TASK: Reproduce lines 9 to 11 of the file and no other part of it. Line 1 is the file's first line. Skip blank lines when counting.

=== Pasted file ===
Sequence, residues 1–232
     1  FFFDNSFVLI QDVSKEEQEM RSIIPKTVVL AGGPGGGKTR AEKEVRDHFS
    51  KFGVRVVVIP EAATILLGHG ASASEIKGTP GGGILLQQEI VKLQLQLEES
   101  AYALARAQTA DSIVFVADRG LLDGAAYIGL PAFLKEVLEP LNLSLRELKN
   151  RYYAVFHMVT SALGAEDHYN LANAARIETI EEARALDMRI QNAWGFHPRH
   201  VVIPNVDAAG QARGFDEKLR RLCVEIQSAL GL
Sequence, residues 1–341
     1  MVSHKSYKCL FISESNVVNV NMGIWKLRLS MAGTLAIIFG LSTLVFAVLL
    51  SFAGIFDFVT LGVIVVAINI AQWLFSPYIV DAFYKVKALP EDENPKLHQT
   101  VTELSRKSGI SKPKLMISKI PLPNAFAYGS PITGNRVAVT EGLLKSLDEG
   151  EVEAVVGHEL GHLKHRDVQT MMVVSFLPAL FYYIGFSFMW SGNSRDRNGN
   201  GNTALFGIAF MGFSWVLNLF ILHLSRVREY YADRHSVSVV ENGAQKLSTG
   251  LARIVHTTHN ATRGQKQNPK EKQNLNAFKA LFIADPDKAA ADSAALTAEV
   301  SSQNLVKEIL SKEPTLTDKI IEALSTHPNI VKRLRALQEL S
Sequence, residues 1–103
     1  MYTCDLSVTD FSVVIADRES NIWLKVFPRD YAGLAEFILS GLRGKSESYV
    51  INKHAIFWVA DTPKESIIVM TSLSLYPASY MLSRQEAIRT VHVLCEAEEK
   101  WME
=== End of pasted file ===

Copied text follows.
    51  SFAGIFDFVT LGVIVVAINI AQWLFSPYIV DAFYKVKALP EDENPKLHQT
   101  VTELSRKSGI SKPKLMISKI PLPNAFAYGS PITGNRVAVT EGLLKSLDEG
   151  EVEAVVGHEL GHLKHRDVQT MMVVSFLPAL FYYIGFSFMW SGNSRDRNGN